These Boxers Fight With Cords Wrapped Around Their Fists. Crowds Love the idea.
KANO, Nigeria — Tijjani Zakari stepped into a dusty boxing ring in northern Nigeria along with wound thick, threaded cord around his right fist along with forearm. because of This specific fighter, the wrap was more battering ram than padded glove.
Zakari squared up to his opponent, squatting low with his bound arm cocked at his side. Less than a minute after the opening whistle, he landed an echoing blow of which floored his opponent. A thousand spectators roared. He had won.
This specific is usually dambe, a generations-old West African style of boxing originally practiced by the Hausa people. the idea is usually producing a comeback in Nigeria.
Two groups are cultivating This specific fighting style, with the desire of taking the idea abroad. One is usually a grass-roots league of dambe clubs, called the Nigeria Traditional Boxing League Association. The various other, Dambe Warriors, promotes the sport online along with in live events.
The groups are taking different approaches, however both face the difficulty of preserving dambe’s traditions while appealing to a wide audience along with reckoning with the sport’s brutality.
“This specific is usually a long journey,” Faruk Bello, the league’s president along with one of its founders, said, “however we are so determined.”
In dambe, a boxer wraps his stronger arm in cord for striking, the “spear.” He uses the various other arm for defense, the “shield.” The goal is usually to knock over an opponent within three rounds.
With roots in military practices, dambe grew into an event to celebrate harvests, naming ceremonies along with funerals, said Aliyu Muhammad Bunza, a professor within the department of languages along with culture at Federal University Gusau in Nigeria. Boxers fought for fame, representing their towns along with fighting clans.
Today, a patchwork of dambe associations hosts weekly fights for entertainment across the country, however the sport is usually most common within the north.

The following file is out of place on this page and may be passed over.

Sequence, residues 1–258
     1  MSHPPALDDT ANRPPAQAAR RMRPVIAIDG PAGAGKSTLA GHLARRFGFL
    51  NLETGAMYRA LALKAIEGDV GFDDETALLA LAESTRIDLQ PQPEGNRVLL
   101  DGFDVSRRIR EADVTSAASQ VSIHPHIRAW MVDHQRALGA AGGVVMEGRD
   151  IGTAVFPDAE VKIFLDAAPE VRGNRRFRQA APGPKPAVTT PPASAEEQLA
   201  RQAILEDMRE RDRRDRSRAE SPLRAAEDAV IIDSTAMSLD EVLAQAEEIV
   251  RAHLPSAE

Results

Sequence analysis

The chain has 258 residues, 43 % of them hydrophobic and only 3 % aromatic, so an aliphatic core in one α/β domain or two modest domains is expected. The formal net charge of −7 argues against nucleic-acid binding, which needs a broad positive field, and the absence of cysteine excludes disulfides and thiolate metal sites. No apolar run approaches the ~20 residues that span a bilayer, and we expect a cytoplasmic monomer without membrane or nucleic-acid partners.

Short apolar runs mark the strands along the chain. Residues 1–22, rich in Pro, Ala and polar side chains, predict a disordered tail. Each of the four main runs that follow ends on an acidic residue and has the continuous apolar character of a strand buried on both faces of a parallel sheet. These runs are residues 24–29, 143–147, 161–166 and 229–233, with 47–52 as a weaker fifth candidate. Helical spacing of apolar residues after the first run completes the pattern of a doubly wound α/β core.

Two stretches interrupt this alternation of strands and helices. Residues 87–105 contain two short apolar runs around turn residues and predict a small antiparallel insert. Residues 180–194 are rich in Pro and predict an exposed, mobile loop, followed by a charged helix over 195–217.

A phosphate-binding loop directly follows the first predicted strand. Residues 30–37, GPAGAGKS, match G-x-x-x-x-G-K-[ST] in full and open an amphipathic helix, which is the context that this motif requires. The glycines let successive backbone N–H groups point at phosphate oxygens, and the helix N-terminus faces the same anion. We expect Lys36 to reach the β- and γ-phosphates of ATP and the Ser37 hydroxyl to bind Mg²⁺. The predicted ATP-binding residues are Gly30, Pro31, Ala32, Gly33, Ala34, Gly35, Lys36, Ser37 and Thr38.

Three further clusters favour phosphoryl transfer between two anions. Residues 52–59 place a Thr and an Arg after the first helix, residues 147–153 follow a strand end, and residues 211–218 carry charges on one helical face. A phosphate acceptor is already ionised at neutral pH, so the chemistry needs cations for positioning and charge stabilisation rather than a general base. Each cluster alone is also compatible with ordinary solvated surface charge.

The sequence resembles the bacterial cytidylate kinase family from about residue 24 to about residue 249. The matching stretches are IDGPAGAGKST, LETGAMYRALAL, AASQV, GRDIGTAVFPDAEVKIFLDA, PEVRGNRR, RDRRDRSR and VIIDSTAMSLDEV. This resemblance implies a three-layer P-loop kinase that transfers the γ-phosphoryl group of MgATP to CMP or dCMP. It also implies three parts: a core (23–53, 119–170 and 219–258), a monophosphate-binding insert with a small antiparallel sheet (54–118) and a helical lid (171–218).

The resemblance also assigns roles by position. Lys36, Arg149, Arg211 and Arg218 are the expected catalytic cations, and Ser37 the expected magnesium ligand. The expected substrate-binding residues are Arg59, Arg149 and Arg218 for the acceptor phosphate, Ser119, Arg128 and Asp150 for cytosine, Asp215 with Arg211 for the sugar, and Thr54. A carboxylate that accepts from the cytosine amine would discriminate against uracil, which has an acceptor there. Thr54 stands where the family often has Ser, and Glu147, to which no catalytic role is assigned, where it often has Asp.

With its popularity have come questions about its safety.
Some believe dambe is usually too dangerous in any form. Split brows, broken noses, smashed teeth along with knockouts are common. The destruction is usually written in scars on the faces of fighters who have spent years within the ring.
“the idea’s too brutal,” Femi Babafemi, an amateur boxing coach, said. “Those of which are doing the idea are definitely endangering their lives.”
Still, dambe has become a full-time job for many fighters. Fans, ring owners along with wealthy patrons support their favorite fighters. One established boxer, Auta Nafiu Abdullah, who has fought for seven years, said he earned, on average, about 100,000 Nigerian naira, or about $275, a month.
The fights are frenetic along with perilous.
Boxers gather in fighting clans around a sand pit, taunting rivals along with breaking suddenly into combat. Today, they head-butt along with kick as well as punch. All the while, singers along with drummers play mesmeric songs to embolden fighters.
Bello, who started out watching dambe 40 years ago, said he started out the league in 2017 with fellow enthusiasts because he had grown fed up with what he saw as the declining quality of the sport.
The league founded six clubs along with designed a season of weekend tournaments in which teams pit their best boxers against one an various other.
Playing for a club appealed to Garkuwa Maichaga, who followed his brother into dambe at age 10. He joined the league after more than 20 years of navigating the dambe circuit alone, which he described as tiring along with expensive.
Along having a regular season, the league drafted a complete set of rules. the idea consulted with historians, fighters along with fans to codify generations of tradition while introducing fresh regulations to rein within the sport’s wilder tendencies.
The league standardized uniforms, limited rounds to three minutes, created a system for scoring fights along with even included a code of conduct for spectators of which threatens rowdy fans having a red card along with expulsion.